Written by Nicholas Wommack, Marketing, Poole College of Management
Nine winners. Nine images. Nine displays. This is the beginning of what may be a new annual competition for the Wilson College of Textiles. To demonstrate the research of our students, the Textile Association of Graduate Students (TAGS) developed a contest that will share submitted images with hundreds of individuals.
From images not visible to the human eye to breathtaking sights, there is much to offer in the presentation of the Textiles Research Image Contest. To get a better understanding of the innovation behind this, we’ve reached out to TAGS president, Mostakima Lubna, who also happens to be one of the winners of the image contest.
Who came up with the idea?
TAGS. Inspired by the NC State Research Image Contest Envisioning Research, TAGS plans to promote the beauty and significance of multidisciplinary research of Wilson College through images; this is the first Textiles Research Image Contest.
Who was involved in the planning?
This Textiles Research Image Contest is a part of the Textiles Research Open House. With the prior permission of the Research Open House committee and Associate Dean for Research Dr. Xiangwu Zhang, TAGS announced the contest. This was open to all undergraduate, graduate and postdocs of the Wilson College. TAGS also showcased the winning images at the reception for Techtextil North America 2019. All nine winners (three per category) received free admission to the conference. Cash prizes for the winners were given during the Textiles Research Open House 2019 on April 5.
How did the competition work?
Images were submitted in three categories:
- Photography (including photos of field work, designed dress, fabric and yarn, etc.)
- Microscopy (Optical, SEM* and TEM**)
- Graphics and Illustration (colored simulation image and colored SEM/TEM)
Total submission = 36. Students were allowed to submit three images maximum (one per category).
*Scanning Electron Microscopy
**Transmission Electron Microscopy
How were the images judged?
Images were judged anonymously (the name of the student or supervisor was not revealed to the judges) by six Wilson College professors who had no student participating in the image contest to avoid conflict of interest. Three winners in each category were chosen based on the average highest marks given by the judges.
W I N N E R S
| Click on “show more” to see the winners for a category! |
1st – Hannah Eberenz – What Remains ; Advisor – Dr. Sonja Salmon
Microscopic image of cotton at 100x with red plate; cotton naturally contains highly crystalline cellulose as shown by the vivid birefringence of fiber fragments produced during enzymatic digestion. Enzymatic treatment of cotton for bio-cycling research – an alternative approach using less hazardous conditions
2nd – Ryan Dwyer – A Song of Fiber and Ice ; Advisor – Dr. Ericka Ford
The natural state of bagasse fiber or sugar cane stalk, twisted and compact situation. Research on developing a sustainable “regenerated cellulose” fiber material from sugar cane fiber
The Scanning Electron Microscopic image of the cross-section of a composite membrane. Nanofibers visible in this image are produced by bacteria in a bulk nonwoven mat for advanced biomedical application.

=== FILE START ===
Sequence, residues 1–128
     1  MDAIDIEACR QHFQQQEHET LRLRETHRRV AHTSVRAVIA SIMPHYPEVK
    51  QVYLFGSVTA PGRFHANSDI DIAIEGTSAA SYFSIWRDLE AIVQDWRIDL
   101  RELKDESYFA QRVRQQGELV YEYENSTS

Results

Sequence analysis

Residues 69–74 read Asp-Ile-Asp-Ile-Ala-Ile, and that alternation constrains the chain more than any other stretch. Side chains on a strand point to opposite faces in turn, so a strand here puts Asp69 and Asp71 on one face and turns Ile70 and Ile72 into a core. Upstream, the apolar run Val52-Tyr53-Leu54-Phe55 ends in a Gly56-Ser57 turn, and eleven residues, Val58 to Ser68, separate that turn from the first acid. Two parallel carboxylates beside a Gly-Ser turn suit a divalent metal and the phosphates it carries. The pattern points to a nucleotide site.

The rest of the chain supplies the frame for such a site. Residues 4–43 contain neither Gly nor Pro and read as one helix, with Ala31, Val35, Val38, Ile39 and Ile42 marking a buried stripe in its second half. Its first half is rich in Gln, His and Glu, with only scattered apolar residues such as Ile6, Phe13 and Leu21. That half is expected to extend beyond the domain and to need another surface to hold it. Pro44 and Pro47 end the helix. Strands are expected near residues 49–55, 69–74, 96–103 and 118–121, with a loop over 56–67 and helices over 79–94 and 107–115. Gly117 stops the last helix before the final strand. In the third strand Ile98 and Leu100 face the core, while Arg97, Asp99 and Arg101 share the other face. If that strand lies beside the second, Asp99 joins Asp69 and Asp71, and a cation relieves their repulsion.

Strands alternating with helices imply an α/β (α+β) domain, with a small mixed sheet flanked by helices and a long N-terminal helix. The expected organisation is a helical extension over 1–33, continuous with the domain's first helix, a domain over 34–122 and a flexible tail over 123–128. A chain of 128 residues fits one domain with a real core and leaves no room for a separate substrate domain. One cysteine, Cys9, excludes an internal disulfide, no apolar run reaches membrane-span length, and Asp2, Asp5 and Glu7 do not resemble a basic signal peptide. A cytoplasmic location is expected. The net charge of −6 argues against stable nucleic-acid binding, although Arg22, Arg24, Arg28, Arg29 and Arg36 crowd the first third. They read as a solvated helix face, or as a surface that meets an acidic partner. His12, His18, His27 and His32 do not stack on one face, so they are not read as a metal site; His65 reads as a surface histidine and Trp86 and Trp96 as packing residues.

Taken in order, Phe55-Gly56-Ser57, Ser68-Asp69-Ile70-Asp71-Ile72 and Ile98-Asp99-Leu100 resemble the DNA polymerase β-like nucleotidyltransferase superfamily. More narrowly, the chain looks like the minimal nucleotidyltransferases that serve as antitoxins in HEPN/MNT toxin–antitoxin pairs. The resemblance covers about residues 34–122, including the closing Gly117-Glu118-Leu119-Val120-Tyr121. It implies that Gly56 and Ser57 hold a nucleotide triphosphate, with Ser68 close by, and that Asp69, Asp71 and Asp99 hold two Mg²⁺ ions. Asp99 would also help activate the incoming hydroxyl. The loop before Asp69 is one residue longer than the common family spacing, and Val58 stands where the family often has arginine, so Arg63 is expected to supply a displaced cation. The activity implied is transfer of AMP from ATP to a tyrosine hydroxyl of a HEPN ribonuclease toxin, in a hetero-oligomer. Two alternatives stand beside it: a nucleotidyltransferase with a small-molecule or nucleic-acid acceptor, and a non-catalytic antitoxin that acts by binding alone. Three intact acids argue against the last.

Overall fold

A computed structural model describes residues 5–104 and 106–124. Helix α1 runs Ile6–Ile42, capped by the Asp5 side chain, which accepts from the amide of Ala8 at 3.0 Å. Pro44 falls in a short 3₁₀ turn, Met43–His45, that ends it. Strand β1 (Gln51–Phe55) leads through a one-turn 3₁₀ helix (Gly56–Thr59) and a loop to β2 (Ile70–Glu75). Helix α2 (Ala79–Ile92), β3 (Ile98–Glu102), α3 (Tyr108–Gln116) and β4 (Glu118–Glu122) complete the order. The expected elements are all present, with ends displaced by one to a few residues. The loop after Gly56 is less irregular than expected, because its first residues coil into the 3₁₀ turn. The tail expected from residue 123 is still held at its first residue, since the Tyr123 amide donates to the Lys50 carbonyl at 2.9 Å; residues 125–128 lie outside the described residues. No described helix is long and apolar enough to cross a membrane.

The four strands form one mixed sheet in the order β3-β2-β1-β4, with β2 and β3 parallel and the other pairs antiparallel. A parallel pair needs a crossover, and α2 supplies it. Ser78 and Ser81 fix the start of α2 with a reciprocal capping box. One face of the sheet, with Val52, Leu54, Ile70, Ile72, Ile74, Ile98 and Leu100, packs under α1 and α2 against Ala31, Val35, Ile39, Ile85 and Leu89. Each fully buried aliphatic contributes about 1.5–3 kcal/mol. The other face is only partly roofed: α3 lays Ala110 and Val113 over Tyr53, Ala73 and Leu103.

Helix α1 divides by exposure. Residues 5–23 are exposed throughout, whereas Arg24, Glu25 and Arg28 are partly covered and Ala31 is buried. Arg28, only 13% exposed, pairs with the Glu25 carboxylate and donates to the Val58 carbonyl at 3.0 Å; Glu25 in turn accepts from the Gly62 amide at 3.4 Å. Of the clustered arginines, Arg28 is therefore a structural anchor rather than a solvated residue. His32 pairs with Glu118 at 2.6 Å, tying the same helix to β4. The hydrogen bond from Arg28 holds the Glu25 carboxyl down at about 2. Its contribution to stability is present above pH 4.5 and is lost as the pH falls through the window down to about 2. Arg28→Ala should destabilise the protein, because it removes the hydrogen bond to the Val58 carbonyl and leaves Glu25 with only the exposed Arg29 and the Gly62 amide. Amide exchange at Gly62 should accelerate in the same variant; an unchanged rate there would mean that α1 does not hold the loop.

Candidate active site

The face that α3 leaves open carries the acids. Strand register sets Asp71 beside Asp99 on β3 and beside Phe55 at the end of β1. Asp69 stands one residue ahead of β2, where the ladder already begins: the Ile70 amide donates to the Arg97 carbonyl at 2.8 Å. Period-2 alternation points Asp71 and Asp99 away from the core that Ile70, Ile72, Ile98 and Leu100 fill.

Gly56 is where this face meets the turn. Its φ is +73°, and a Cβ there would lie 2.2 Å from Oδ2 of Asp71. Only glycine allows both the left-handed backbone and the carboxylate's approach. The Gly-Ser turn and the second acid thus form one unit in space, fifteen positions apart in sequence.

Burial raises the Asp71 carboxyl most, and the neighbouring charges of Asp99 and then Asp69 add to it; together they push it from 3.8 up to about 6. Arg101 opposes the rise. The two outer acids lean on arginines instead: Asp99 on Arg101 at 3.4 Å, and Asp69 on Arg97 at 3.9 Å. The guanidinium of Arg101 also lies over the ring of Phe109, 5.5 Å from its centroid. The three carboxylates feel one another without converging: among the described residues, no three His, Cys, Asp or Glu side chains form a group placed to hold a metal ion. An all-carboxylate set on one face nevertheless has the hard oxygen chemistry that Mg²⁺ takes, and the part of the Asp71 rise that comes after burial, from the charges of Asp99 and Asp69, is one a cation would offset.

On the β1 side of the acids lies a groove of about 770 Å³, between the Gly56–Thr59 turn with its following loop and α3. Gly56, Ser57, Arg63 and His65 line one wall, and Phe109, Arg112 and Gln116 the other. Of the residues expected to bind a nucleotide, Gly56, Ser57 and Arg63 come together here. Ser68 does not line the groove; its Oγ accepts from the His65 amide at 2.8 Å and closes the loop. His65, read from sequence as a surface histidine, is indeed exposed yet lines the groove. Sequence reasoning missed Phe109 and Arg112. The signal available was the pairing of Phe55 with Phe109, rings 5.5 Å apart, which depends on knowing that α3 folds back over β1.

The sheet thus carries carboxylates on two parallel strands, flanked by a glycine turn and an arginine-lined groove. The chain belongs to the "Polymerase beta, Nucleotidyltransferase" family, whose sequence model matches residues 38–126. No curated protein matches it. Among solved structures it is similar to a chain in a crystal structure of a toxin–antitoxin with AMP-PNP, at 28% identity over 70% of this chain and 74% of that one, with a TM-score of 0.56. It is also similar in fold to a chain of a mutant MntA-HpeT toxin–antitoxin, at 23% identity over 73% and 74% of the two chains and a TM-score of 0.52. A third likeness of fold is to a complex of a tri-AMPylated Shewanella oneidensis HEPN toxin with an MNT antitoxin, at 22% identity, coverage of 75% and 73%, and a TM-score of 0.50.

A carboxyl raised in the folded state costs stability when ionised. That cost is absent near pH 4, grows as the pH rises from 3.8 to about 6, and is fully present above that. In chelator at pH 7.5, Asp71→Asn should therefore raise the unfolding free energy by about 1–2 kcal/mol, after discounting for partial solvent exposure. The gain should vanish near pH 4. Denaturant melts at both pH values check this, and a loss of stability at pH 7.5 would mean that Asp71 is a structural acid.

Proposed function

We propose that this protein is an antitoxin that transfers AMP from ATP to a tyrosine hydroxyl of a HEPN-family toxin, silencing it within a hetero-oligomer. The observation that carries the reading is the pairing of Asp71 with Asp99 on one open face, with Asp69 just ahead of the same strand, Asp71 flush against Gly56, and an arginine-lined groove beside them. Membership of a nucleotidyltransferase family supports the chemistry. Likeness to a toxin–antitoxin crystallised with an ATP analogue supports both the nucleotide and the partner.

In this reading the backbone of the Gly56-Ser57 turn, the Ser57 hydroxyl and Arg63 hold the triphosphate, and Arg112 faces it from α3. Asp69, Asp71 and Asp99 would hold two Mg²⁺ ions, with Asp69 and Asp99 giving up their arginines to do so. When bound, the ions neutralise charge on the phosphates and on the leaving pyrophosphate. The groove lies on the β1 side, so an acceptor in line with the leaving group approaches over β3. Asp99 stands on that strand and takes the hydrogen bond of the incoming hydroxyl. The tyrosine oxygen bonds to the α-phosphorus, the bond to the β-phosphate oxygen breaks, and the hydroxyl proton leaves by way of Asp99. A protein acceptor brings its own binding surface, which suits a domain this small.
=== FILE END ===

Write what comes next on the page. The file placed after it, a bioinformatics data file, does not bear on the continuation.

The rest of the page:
1st – Mostakima Lubna – Thermal Solar Eclipse ; Advisor – Dr. Philip Bradford
This photo was taken in complete darkness to show the superb heat resistance and thermal stability of carbon nanotube (CNT) / silicon carbide (SiC) nano hybrid structure (glowing) at 1980 °C, exposure to a propane torch burning. Research on producing ultrahigh temperature stable materials for aerospace applications
2nd – Karim Aly – Nanotubes Fire Hammer ; Advisor – Dr. Philip Bradford
Photo was taken while a circumferentially wrapped carbon nanotube (CNT) / silicon carbide (SiC) hybrid structure was suspended over a butane torch burning at temperature of 750 °C. Efficient thermal insulation behavior of ultralight, aligned CNT / SiC nanocomposite, outstanding thermal insulation application
3rd – Kelli L. Smith – Uplifting Strategy ; Advisor – Dr. Cassandra Kwon
This photo was taken during helicopter rescue hoist training exercises in Salisbury, NC (June 2018). Helicopter rescue hoist operators have a specialized need for protective hand wear; with one hand they manipulate a pendant for the hoist controls and manage the hoist cable with the other. Advanced protective hand wear gloves research for rescue hoist operators
1st – Mostakima Lubna – Nano-Corn ; Advisor – Dr. Philip Bradford
Colored Scanning Electron Microscopic image of nano-platinum (Pt) particles coating (colored-yellow) on the surface of carbon nanotube (CNT) (colored-pink). Research focus on nano-catalytic reaction applications including fuel cells.
2nd – Yu Song – 3D Micro X-ray Computed Tomography ; Advisor – Dr. Eunkyoung Shim
The micro X-ray computed tomography (MicroXCT) is currently the only technique to visualize and analyze the 3D structure of nonwoven filter media loaded with solid silicon dust particles. Fiber components are red and particle components are green; dynamic filter structure-filtration property relationship analysis
3rd – Md Milon Hossain – CNT Jellyfish ; Advisor – Dr. Philip Bradford
Modified polarized image of Carbon Nanotube (CNT) wrapped Dynema yarn. An advanced approach to make super strong and conductive yarn for E- textile applications
How were the images showcased?
With the help of Techtextil organizer Melissa Sharp, TAGS showcased the nine winning images as individually printed posters in the Techtextil Reception where industry people from all around the United States came. TAGS will also display the winning images on the electronic billboards in Wilson College.